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This article focuses on the paramount role that forests play in our lives and the important factors they contribute to human health. This article is intended to affect audiences in such a way that makes one question prior beliefs around the relationship between the Earth and humans, and encourages one to think more critically about how other media outlets may portray these issues. I hope that this article sparks a lightbulb in whomever reads it, I feel that when one reads a less commonly displayed argument, it promotes the audience to see that we need to be questioning what the media shows us to be important, and to be eager to learn information through an array of sources. It is important during this mass media time period to understand that the information we gain should be coming from multiple news sources. We cannot bring the positive impacts that are desperately needed to this world if we base all of our knowledge off of one news outlet. Hopefully readers begin to see that there are major issues in this world that are not touched on by your typical news stations on TV, and that these problems are real and exist, and we must educate ourselves on all sides on an issue, even if our local newspapers are not focusing on them. This topic, the effects that forests have on human health, is a great catalyst for starting to change humanity’s views on the mutualistic relationship between humans and Earth. 


The relationship that is shared between Earth and humans is magnificently fascinating, and this relationship has been slowly dissolving for too long. Humans cannot survive without nature, but nature can survive. Nature plays a huge role in a human life span, it provides life to a human as well as animals. We have been disconnected in many different ways from this vital connection to nature for various reasons. Whether it’s technology that has brought us further away from understanding nature, or the fact that there is so much going on in our daily lives that we don’t make time to connect with nature, the fact still remains that humanity is in need of this vital reconnection. The more we learn about the vast affects nature has on our well-being, the more time we can take to learn about the health of the Earth and the responsibilities we have that have been ignored.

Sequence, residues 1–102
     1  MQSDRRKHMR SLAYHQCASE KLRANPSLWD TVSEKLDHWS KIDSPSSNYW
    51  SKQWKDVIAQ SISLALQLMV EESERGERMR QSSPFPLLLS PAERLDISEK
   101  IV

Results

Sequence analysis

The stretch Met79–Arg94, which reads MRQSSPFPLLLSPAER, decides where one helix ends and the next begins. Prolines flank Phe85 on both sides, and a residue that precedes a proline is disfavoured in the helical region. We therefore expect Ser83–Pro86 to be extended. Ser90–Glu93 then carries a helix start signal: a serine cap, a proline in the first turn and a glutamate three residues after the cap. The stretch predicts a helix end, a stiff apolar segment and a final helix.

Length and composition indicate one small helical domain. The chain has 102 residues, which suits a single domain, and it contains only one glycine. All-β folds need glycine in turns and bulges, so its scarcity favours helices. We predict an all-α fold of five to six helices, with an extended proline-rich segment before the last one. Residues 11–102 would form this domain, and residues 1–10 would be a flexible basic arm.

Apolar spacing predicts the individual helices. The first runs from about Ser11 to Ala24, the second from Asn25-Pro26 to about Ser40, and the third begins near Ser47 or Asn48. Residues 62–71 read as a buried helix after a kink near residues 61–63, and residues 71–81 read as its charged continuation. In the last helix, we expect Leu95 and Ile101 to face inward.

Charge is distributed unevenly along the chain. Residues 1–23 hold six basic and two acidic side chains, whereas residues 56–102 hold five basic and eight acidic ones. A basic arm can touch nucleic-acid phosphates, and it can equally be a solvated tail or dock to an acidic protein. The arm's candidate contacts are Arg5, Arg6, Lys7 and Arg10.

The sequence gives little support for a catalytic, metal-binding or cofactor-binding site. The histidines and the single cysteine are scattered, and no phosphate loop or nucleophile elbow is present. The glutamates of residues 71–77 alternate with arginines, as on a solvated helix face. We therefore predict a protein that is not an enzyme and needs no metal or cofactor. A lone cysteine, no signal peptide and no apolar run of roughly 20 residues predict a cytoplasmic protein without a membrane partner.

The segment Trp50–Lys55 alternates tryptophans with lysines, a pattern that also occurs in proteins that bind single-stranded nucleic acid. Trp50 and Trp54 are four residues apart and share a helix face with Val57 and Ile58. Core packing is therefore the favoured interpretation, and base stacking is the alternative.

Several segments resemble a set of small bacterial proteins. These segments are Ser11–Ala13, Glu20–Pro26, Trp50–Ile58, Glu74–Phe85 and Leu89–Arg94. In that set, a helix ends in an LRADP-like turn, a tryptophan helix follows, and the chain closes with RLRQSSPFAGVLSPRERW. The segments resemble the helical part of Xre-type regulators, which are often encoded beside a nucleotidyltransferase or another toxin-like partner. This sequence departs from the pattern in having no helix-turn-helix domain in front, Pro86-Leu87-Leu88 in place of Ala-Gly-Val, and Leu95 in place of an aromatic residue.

The relationships between human health and well-being have in recent years begun to receive increasing attention in international discussion and policy processes, however we as the people need to be more aware of this topic, because when change begins at a personal level they ripple through the world in a stronger manner, like the butterfly effect. The Millennium Ecosystem Assessment has listed ecosystems goods and services that are crucial for human survival and without which life on Earth would not be possible. This assessment proves that forests and trees supply an abundance of ecosystem services that help in creating healthy living environments and in restoring degraded ecosystems. Forests also mitigate floods, droughts, the effects of noise, purify water, bind toxic substances, maintain water quality and soil fertility, help in erosion control, protect drinking water resources, and can assist with processing wastewater. Forests can mitigate climate change and help in regulating infectious diseases. Woodlands and trees have a positive impact on air quality through deposition of pollutants to the vegetation canopy, reduction of summertime air temperatures, and decrease of ultraviolet radiation. Forests also provide recreational, cultural, spiritual, and aesthetic services.